Monday, November 12, 2012

Fruitcake

Bring on the jokes. That's what fruitcakes are for, right?  Everyone has a fruitcake joke. Looking for a hockey puck? Here, use a slice of my grandma's fruitcake. Stuck in the snow? Weigh down your trunk with mom's fruitcake. These are the jokes of my childhood.

My mom used to make fruitcake in mid-October, then wrap it in cheesecloth and douse it with brandy. She'd keep feeding it booze for the next 2 months and then bring it out on Christmas, only to throw it away a few weeks later. We all hated it.

Fast forward to Christmas Season 2011. All my British blogging friends were talking about Christmas Cake. When they explained it to me I said, "Ah, fruitcake". What was I missing? Had I never had a truly good piece of fruitcake? Well, truth be told, I guess I hadn't until Katy sent me a slice of her mom's traditional recipe. You can read about it here. She also sent me the recipe.

The recipe calls for a special spice blend called of all things, Mixed Spice. Annabella sent me some in my swap package from this past summer.



Yesterday, I decided to make my Christmas Cake. I am not calling this a fruitcake. It is a true British Christmas Cake. Susan sent me her recipe and I already had Katy's recipe, so I combined the two to what I thought would make a great recipe and made Diane's Christmas Cake.

I understand from Katy and Susan that the paper is an important part of the process in making this cake. Three layers of buttered parchment paper, tied around the outside of the spring form pan and a double layer on the inside.


It was cold yesterday, so the butter and sugar took a while to cream well.


Add 8 eggs. This is going to be a huge cake.


All the flour, dried fruit and nuts are added. This is when I am really glad I have the extra big bowl on my Mixmaster.


Opps, forgot to add the Golden Raisins, so I stirred them in by hand.


Poured into the prepared pan.


It smelled so good while it was baking (for four hours). The spices, the fruit, the sugar, yum! I would cut into it today.  But, I let it cool and then doused it with a mixture of brandy and Grand Marnier. Then I wrapped it up and put it away for about 5 weeks. I will coat it in Marzipan and add a Royal icing to it as well, a few days before Christmas.



Thanks to Susan, Annabella,  Katy and her mom for talking me through this cake.
All I can say is this cake better be good because it took a while to make. It also took the  input of people from three continents (including me), it was a true team project. 

Come Christmas we'll see if my cake becomes a family joke or a family tradition. 





15 comments:

Trudi said...

Love a good Christmas cake! My mum still,feeds hers with best brandy! If you run short of spice, let me know :)

Patchwork and Play said...

It will definitely be a family tradition! I can almost smell it from here! My Mum made THE best Christmas cake....I sure miss it!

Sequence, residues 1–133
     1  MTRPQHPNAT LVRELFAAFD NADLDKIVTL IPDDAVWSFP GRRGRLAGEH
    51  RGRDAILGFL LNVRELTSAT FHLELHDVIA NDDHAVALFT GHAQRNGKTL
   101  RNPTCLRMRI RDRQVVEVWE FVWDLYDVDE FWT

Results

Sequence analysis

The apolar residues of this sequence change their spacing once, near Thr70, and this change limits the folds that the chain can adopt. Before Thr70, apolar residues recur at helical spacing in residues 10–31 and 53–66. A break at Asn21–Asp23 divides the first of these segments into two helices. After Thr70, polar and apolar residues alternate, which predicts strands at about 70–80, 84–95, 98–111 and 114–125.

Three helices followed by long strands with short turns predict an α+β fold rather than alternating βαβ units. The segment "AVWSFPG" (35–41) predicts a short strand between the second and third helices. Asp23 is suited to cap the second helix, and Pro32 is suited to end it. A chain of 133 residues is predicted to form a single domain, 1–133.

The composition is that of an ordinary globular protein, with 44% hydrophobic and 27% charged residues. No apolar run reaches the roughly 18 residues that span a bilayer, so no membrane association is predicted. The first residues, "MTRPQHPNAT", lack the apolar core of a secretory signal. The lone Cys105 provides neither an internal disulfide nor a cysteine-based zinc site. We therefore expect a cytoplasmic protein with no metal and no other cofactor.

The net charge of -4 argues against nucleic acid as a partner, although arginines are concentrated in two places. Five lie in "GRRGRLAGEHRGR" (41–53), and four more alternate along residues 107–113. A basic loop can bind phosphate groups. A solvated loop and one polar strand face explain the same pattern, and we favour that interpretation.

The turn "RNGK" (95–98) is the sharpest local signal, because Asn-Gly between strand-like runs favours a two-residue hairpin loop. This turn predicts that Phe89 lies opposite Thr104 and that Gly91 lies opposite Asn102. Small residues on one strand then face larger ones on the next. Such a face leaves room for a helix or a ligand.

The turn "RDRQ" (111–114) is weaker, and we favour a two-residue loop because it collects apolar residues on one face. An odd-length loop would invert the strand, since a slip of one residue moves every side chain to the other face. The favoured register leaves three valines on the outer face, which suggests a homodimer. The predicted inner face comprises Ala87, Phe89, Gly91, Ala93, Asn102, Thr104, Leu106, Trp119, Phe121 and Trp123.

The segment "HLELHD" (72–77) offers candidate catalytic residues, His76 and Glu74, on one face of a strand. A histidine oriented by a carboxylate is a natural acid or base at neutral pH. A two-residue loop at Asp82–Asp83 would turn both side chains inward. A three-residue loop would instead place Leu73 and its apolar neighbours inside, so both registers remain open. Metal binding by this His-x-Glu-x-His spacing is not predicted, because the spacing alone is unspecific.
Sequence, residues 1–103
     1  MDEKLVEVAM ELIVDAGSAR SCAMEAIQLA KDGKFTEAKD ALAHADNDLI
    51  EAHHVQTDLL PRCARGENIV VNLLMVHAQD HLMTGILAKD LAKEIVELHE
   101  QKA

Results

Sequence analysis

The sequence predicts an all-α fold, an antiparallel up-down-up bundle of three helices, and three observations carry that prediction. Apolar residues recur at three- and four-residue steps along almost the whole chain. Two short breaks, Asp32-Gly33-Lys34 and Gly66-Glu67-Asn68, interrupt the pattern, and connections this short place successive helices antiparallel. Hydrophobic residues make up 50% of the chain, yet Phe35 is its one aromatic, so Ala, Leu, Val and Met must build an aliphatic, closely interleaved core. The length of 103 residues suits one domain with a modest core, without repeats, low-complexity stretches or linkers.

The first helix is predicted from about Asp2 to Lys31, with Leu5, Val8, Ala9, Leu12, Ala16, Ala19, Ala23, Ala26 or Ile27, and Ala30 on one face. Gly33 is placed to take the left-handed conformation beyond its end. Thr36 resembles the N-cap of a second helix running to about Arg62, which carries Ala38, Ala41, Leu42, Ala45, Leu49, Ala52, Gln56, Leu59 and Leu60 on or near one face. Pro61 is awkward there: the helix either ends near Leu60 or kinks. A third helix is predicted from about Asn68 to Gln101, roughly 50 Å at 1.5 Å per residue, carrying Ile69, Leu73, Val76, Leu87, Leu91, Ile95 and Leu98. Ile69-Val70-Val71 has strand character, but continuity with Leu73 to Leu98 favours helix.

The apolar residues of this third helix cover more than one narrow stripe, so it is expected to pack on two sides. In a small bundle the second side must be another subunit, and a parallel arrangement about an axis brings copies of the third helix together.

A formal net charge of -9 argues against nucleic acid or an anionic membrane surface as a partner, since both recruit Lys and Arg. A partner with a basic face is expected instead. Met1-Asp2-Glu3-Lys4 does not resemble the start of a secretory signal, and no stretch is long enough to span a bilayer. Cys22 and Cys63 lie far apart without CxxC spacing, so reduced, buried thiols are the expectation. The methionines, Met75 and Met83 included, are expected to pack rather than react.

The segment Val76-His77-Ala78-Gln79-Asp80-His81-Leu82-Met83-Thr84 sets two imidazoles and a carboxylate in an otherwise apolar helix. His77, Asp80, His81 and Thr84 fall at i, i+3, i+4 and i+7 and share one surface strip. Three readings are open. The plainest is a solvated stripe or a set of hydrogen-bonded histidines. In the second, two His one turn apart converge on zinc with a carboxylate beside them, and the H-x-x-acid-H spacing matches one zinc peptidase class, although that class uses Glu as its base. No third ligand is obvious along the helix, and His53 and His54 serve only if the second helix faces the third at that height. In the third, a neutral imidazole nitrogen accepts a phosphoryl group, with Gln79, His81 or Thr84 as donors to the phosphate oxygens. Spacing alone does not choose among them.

Annabella said...

This post has really cheered me up Di...I think Di's Christmas cake is going to be the best! It certainly looks good and with such an awesome collaborative effort it had better be good!

Linda Coleman said...

Diane, you brought back so many memories with this post. It was a big thing in our house making the Christmas cake and Christmas puddings when I was smaller. We weren't allowed run in or out the back door in case we banged it and the cake would drop in the oven. The smell was fantastic and the big treat was to lick the spoon afterwards. My mother used to take the cake down every week and spoon whiskey onto it. I feel I need to make a cake now.

Susan Standen said...

Yay! So pleased the collective effort worked. Remember, Christmas cake does not go off so don't worry if it doesn't get eaten in the first week or two. It will be fine for ages. Don't bin it!

Quilter in the Gap said...

So what do you do with it between now and then? Freeze it? Now you have me curious, is it moist like w.e know fruitcake?

Cindy said...

I'm still scared of Christmas Cake just b/c of my experience with fruit cake. I really really hope this goes well for you and you love every bit of it!

Run Quilt Knit Write said...

Now I'm feeling guilty because I haven't done mine yet!

Jennifer @ Ellison Lane Quilts said...

I saw that picture on instagram and wondered what you were making. I remember the piece Katy sent you last year too. Hope it is great! However it turned out, this was a fun post!

Dianne Neale said...

I saw the picture yesterday and had no idea what it was about! Some English woman I am! Itlooks beautiful and I can smell it from here. I don't think you'll be throwing this one away!

suemac said...

Very interesting. Hope the fam likes it. I used to make Swedish Christmas pastry with dried fruit and cardamon. They were nummy.

Geri said...

I am definitely not a fan of fruit cake/Christmas cake but maybe I haven't tasted a good recipe either. I wonder if they'll like it!

Katy Cameron said...

Slightly salivating here at the thought, only a month and a bit to go before I can have some of my mum's!

Flying Blind... said...

Make sure you make the real break-your-teeth hard icing in peaks, none of that thin layered and rolled nonsence!

Leanne said...

I hope it is good, as they seem to consume a lot of booze along the way. I look forward to your reviews.